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Flow

Discussion in 'General Discussion' started by DrFrylock, Feb 3, 2011.

  1. DrFrylock

    DrFrylock
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    The White

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    I am a nerd and an introvert, which shouldn't surprise anybody here. I try not to be a socially-awkward nerdy introvert, and I think I'm moderately successful at that. A stranger I recently met at a party described me afterwards as "outgoing" which is a total mindbender. Awkward conversations are total torture for me. Being a nerdy introvert, I get to hang out with lots of other nerdy introverts, and so I get to have plenty of awkward conversations anyway.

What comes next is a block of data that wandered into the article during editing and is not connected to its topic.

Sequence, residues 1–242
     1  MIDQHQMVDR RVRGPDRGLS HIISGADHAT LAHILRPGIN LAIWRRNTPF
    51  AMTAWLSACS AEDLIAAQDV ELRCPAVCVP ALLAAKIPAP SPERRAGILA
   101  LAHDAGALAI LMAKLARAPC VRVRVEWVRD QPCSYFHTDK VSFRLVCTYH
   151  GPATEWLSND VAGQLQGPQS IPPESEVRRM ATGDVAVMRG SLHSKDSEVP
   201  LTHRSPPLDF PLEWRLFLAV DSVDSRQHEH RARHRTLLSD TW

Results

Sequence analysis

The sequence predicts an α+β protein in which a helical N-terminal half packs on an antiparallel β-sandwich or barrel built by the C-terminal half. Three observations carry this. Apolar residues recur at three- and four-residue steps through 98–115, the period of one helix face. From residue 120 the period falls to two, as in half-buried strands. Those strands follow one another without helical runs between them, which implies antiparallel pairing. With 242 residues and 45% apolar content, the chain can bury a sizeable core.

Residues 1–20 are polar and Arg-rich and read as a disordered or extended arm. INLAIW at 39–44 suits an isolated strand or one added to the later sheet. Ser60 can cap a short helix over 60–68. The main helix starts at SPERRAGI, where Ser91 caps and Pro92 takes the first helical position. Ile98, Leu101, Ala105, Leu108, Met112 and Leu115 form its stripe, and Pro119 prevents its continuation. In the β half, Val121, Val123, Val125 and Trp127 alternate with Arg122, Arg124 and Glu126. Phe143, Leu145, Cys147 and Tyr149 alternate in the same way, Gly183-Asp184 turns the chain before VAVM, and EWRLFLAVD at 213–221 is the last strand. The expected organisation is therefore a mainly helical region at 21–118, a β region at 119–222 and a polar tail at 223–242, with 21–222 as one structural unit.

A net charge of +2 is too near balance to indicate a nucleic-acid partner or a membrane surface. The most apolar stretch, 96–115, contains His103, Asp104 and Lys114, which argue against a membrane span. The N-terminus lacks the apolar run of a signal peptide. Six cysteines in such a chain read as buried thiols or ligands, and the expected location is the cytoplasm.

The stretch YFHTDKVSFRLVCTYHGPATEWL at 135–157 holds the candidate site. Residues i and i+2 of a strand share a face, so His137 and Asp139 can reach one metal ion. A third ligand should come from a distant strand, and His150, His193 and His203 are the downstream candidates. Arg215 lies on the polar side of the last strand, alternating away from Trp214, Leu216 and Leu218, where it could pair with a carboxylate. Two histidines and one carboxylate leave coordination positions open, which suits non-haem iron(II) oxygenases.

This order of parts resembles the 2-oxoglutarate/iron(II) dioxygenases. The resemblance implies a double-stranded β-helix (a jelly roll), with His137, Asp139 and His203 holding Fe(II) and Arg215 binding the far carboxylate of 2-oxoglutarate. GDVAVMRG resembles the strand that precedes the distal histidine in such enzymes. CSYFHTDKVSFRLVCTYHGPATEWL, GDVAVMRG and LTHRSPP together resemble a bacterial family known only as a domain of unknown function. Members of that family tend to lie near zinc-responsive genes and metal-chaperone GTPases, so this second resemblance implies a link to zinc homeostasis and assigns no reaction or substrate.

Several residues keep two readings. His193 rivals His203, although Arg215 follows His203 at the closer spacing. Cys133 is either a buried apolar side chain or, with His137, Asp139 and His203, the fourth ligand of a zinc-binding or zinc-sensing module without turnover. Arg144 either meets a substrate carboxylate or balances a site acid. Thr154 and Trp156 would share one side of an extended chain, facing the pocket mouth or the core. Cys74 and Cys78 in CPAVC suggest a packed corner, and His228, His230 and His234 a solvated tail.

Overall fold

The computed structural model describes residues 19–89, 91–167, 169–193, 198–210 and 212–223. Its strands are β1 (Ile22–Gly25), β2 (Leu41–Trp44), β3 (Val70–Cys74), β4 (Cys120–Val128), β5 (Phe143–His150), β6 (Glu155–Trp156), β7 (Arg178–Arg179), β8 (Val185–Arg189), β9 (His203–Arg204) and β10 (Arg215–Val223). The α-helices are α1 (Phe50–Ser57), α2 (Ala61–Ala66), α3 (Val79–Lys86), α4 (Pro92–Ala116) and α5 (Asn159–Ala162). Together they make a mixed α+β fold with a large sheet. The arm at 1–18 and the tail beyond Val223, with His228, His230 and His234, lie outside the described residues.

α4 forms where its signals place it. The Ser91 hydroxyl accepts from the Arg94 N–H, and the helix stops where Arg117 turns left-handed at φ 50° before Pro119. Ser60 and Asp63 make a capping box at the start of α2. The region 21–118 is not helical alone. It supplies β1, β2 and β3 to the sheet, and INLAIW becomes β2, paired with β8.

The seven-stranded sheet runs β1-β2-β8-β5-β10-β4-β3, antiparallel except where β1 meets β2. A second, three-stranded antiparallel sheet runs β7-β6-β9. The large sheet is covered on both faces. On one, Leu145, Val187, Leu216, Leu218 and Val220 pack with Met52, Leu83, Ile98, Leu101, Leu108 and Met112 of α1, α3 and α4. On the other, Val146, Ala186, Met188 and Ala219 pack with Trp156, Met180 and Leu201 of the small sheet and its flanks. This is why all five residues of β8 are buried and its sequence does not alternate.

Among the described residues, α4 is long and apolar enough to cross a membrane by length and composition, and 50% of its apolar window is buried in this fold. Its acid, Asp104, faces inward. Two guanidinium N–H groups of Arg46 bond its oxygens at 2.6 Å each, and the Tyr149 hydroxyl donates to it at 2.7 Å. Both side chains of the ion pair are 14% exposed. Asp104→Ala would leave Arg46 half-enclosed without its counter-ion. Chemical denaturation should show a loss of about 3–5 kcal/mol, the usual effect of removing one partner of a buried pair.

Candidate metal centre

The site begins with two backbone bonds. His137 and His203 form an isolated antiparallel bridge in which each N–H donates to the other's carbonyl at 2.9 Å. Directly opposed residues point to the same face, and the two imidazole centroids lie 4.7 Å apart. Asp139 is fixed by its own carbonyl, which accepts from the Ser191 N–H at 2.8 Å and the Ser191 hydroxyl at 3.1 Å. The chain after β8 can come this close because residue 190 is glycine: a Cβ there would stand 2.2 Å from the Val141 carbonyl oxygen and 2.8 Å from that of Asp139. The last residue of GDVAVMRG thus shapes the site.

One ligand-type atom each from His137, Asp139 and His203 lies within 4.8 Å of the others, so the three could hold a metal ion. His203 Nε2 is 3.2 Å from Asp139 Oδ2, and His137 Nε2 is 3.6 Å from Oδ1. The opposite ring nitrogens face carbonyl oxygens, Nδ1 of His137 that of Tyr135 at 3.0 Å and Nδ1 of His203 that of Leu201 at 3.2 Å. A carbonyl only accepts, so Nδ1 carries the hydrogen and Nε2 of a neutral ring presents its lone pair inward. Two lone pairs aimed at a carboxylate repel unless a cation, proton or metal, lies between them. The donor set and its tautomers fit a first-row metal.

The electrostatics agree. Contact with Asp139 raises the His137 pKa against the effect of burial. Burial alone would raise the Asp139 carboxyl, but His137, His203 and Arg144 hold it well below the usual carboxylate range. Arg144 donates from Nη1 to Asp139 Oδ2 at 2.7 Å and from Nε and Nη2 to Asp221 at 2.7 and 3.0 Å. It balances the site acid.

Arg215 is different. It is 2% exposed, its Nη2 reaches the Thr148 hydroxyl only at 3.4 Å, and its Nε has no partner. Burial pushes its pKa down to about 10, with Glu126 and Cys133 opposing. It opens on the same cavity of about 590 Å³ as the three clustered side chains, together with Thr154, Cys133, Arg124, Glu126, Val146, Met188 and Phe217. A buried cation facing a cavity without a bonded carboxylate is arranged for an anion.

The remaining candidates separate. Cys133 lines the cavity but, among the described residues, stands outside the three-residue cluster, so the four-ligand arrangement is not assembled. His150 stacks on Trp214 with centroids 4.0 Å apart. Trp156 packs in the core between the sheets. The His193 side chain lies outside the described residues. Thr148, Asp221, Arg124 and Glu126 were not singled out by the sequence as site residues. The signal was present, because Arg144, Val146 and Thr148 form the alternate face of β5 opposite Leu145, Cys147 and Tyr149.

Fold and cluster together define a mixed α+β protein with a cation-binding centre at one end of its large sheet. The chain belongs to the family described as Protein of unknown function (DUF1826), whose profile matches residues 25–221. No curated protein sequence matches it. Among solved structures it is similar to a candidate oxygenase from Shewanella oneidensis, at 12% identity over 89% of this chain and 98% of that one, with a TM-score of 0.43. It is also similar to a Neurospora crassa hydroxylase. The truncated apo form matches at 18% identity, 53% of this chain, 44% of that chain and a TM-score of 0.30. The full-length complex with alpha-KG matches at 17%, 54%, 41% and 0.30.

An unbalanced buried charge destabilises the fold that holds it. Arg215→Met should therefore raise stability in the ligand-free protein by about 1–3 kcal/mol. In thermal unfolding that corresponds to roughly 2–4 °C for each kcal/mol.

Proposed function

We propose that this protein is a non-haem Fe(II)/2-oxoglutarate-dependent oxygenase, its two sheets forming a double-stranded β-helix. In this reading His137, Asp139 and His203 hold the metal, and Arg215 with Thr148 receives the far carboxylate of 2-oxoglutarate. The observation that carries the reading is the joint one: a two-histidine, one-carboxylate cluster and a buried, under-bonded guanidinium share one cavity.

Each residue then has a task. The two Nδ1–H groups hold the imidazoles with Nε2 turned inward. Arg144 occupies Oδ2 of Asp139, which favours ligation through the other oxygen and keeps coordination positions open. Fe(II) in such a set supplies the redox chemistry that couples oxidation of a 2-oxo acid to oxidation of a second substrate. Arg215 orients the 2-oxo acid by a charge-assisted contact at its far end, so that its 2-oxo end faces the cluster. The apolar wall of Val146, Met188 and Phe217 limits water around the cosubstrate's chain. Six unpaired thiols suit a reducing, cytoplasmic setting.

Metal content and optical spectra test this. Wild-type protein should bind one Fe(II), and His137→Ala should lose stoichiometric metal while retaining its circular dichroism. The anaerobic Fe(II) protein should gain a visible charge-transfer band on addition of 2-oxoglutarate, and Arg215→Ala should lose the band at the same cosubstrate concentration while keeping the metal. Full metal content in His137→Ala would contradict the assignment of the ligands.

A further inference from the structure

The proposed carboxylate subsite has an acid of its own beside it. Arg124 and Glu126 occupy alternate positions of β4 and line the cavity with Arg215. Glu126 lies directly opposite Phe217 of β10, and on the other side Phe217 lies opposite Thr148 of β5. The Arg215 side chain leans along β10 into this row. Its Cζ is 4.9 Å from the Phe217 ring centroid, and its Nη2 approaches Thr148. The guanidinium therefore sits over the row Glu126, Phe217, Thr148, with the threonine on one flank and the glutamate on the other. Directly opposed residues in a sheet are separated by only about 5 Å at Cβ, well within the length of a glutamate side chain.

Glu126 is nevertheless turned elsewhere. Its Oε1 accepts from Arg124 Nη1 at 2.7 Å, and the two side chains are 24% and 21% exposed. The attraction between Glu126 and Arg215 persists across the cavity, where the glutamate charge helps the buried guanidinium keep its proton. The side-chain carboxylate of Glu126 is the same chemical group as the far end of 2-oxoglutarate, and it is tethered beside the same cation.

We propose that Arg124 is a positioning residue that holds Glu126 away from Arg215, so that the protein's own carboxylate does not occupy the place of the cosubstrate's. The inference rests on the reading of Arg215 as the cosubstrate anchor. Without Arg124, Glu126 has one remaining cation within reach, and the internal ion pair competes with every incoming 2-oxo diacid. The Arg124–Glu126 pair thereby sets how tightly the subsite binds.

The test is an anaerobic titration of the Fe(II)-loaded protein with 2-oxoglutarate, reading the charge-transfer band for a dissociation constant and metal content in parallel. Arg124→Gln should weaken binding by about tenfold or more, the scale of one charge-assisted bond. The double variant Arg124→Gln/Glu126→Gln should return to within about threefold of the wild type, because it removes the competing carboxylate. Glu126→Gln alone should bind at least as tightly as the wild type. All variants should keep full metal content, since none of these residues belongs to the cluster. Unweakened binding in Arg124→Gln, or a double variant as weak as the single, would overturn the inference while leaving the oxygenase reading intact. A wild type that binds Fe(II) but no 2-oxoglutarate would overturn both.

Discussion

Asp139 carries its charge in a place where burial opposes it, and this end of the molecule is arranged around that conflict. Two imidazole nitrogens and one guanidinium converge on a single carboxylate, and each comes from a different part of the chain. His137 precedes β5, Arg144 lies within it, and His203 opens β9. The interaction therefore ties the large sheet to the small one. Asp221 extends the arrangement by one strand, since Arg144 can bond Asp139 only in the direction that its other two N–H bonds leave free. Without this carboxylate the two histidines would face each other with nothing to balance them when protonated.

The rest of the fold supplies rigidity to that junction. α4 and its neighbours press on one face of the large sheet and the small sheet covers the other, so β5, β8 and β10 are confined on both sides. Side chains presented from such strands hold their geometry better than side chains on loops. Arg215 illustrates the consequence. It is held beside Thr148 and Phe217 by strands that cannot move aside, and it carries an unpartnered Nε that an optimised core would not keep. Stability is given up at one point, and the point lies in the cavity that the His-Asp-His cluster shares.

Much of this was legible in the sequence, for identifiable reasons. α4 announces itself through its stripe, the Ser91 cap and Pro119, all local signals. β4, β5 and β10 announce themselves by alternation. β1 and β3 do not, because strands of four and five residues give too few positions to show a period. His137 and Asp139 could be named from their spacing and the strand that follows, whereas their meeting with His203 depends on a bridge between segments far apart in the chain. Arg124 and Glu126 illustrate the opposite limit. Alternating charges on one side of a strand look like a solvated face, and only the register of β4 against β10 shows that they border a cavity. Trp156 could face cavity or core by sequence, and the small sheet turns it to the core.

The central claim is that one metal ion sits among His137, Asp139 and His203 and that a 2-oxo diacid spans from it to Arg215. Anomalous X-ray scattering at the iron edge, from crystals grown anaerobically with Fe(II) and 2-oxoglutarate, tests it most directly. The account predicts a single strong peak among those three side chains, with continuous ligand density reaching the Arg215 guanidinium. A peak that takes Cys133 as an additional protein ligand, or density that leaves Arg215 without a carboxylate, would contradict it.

One difficulty is that I deal with people who have very obvious autism-spectrum disorders. I cannot fault them for this, but that doesn't make our conversations any less awkward. I do my best to accommodate, and so they seek out more awkward conversations with me regularly. It's hard to know what to do in this situation. Other times, it's just that our conversation styles don't mesh for whatever reason. Sometimes it's cultural. Other times it's that my low tolerance for small-talk kicks in before we find something more interesting to talk about.

    Tonight I went out to what I thought was a group dinner, but it turned out to be just me, someone on my awkward-conversation list, and a complete stranger. This could have been a major disaster. Thankfully, the stranger (despite being a huge nerd himself) had excellent social skills and there were two hours of effortless, pleasant conversation about all manner of interesting things that did not make me want to gouge my brain out with my butter knife.